Similar to how pianists Ramsey Lewis and Les McCann tapped into the pop and R&B music of the ’60s when they recorded their live LPs at Bohemian Caverns, Glasper did the same with the music of his generation. He brought a hip-hop perspective to modern jazz while also addressing music ranging from ’70s funk to “turn of the century” electronica. With his Experiment, Glasper surpassed the usual “jazz meets hip-hop” gambit by focusing on the feel instead of the sound of hip-hop, even on Busta Rhymes’s “Show Me What You Got” and Slum Village’s “Fall N Love.”
Indeed, the Experiment didn’t let hip-hop overshadow jazz; it emphasized vigorous improvisation and suspenseful collective interplay. It opened with an adventurous rendition of John Coltrane’s “A Love Supreme” on which bassist Derrick Hodge began the song with a haunting four-note throb, which paved the way for Glasper to peck out repetitive small motifs that he slowly developed into a lulling, impressionistic essay. The identifiable melody didn’t reveal itself until Casey Benjamin sang the song’s memorable chant on the vocoder, lending the song an edgy ’80s electro-funk vibe that would have made the late Roger Troutman proud. Glasper’s reluctance to mimic the block chord innovations of pianist McCoy Tyner, who played on the original version, also gave the Coltrane classic a 21st-century makeover — as did drummer Chris Dave’s serrated and skittering rhythmic flow.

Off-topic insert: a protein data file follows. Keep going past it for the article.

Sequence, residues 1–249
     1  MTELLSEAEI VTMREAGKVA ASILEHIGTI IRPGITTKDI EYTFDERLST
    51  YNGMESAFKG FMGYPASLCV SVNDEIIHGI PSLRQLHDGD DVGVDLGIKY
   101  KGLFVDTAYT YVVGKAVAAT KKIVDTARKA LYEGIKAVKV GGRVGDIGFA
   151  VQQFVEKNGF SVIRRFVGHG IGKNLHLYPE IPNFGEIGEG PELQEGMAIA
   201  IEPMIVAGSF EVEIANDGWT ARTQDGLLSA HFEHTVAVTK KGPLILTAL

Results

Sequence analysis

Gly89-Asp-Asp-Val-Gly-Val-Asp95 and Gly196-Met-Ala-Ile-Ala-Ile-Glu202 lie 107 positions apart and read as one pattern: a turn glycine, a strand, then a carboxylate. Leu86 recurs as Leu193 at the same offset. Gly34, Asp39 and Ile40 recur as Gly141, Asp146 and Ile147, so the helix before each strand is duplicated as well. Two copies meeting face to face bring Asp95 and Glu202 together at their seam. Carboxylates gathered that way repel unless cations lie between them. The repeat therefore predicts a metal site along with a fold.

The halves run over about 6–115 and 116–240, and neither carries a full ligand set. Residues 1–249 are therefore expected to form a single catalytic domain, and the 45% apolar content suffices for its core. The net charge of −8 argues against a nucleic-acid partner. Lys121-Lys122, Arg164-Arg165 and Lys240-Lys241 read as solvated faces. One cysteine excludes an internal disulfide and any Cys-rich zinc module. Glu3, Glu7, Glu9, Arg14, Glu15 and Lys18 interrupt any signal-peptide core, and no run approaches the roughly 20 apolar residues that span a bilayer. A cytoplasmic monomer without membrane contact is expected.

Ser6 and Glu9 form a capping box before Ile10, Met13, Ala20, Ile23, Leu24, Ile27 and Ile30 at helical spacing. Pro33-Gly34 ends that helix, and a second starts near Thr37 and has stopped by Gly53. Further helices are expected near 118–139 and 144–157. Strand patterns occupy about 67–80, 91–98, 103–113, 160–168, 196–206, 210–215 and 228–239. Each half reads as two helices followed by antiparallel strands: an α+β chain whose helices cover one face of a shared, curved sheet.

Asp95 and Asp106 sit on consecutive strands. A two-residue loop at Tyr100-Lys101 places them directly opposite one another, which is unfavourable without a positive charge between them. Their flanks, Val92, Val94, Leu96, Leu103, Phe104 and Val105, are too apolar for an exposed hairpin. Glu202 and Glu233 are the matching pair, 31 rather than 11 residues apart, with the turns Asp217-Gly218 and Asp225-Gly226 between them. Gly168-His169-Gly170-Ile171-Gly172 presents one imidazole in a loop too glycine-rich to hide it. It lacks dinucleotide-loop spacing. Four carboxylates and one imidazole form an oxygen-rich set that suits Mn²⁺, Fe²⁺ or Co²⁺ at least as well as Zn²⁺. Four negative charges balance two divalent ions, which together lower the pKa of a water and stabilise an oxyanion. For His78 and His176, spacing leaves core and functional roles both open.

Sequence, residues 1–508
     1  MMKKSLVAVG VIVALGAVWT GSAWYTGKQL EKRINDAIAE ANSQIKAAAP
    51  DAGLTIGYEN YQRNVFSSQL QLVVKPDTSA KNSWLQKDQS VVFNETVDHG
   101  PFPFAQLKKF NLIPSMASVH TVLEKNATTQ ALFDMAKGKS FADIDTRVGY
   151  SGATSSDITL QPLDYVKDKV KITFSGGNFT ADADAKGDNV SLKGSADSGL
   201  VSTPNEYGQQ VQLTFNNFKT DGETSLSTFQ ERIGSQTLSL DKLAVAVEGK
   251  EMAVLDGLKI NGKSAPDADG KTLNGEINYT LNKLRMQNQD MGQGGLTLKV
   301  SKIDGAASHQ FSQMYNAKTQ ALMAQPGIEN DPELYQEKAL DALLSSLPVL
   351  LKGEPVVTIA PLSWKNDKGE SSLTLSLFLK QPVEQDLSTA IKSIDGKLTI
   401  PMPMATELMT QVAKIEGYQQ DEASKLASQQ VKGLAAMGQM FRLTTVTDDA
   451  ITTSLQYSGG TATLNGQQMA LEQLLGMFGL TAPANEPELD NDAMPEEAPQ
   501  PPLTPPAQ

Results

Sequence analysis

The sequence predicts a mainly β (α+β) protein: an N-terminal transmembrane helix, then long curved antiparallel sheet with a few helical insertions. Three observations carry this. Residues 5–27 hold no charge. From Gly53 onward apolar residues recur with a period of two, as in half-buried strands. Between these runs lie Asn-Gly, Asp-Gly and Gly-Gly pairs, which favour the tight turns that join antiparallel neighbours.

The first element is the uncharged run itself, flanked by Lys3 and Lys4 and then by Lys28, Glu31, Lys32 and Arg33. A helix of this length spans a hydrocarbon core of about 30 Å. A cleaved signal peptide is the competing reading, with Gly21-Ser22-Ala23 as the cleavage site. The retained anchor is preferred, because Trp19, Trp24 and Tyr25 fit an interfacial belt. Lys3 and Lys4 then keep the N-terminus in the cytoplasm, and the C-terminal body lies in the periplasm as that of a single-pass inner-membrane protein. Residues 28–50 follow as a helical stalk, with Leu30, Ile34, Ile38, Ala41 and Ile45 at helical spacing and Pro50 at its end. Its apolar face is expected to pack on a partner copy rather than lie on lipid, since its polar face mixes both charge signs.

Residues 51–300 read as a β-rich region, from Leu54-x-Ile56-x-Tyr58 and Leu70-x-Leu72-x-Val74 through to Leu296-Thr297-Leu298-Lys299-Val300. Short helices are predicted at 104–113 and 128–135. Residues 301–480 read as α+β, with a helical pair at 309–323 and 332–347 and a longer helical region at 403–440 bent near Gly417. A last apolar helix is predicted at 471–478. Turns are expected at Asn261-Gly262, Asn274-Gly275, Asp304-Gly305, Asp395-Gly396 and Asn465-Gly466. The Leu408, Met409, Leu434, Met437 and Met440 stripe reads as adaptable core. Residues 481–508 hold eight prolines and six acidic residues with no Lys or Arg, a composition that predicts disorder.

From there, the concert proceeded in a suitelike manner with sterling renditions of Herbie Hancock’s “Butterfly” and Roy Ayers’s “A Tear to a Smile” that segued into gripping takes on Radiohead’s “All I Need” and the Human League’s “Human” as Glasper shared the lead voice with Benjamin, who delighted on soprano and alto saxophones but really shined on the vocoder.
If Glasper wishes to record the Experiment live at a small club, the enthusiastic audience at Bohemian Caverns made that venue seem a fabulous choice.